Author:Deniz Coral (University of Minnesota)
Paper short abstract:
This paper proposes drawings of trading screens made by informants as a research method. It also discusses how this research method provides a critical lens to examine the ways traders and brokers, whom I call "financial players", interpret and engage with financial markets.
Paper long abstract:
Using drawings as a research method is not foreign to ethnographic endeavors (Martin 1994; Causey 2016). However, due to the heavy digitalization of financial market structures and practices, ethnographic investigations of financial markets put this method aside, and choose to solely rely on researchers' observations and interactions with traders and brokers, whom I call "financial players". I argue that these investigations fall short of providing an adequate answer to this critical question: if financial players' expertise, which seems to equip them with knowledge and power to understand the complexity of markets more than non-players, how insightful can the observations of ethnographers (as non-players) be in capturing how financial players perceive and interpret markets? To address to this question, I will introduce drawings of trading screens made by financial players as a research method that expands the conventional methods implemented to ethnographically study financial markets. By following Raffles' approach (2011) on drawings as being equipped with social meanings, I will discuss the theoretical and conceptual ground upon which "drawings by informants" as a method might reveal how financial players make sense of and engage with markets. I will also draw from ethnographic vignettes from my fieldwork and drawings made by my informants to elaborate on why the analysis of financial players' drawings is crucial and productive to explore market mechanisms.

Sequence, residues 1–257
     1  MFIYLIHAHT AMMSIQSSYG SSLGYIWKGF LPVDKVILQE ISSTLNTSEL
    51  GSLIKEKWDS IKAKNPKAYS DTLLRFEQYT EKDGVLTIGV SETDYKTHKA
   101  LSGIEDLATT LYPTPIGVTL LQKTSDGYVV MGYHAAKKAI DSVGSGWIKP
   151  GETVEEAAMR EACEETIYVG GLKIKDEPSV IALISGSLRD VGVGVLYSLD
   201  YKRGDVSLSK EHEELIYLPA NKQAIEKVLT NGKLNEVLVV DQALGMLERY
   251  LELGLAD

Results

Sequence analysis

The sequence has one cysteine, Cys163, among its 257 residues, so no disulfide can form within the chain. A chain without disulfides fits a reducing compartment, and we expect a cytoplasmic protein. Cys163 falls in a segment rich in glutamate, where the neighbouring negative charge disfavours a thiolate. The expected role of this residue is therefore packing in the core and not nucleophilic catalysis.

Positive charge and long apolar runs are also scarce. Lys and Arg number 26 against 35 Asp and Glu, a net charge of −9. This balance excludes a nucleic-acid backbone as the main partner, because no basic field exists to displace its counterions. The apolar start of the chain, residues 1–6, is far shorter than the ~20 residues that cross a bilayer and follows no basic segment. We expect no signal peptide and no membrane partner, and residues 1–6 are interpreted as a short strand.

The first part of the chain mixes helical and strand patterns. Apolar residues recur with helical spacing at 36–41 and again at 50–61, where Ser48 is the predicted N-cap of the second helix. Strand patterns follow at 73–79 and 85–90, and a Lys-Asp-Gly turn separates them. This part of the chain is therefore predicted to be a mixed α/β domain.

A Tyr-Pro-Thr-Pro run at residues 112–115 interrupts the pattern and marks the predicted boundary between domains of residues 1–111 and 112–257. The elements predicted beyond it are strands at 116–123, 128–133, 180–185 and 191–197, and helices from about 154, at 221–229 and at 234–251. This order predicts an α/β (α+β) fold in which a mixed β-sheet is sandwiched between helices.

Causey, Andrew. 2016. Drawn to See: Drawing as an Ethnographic Method. University of Toronto Press.
Martin, Emily. 1994. Flexible Bodies. Beacon Press.
Raffles, Hugh. 2011. Insectopedia. Pantheon
The Anthropology of Drawing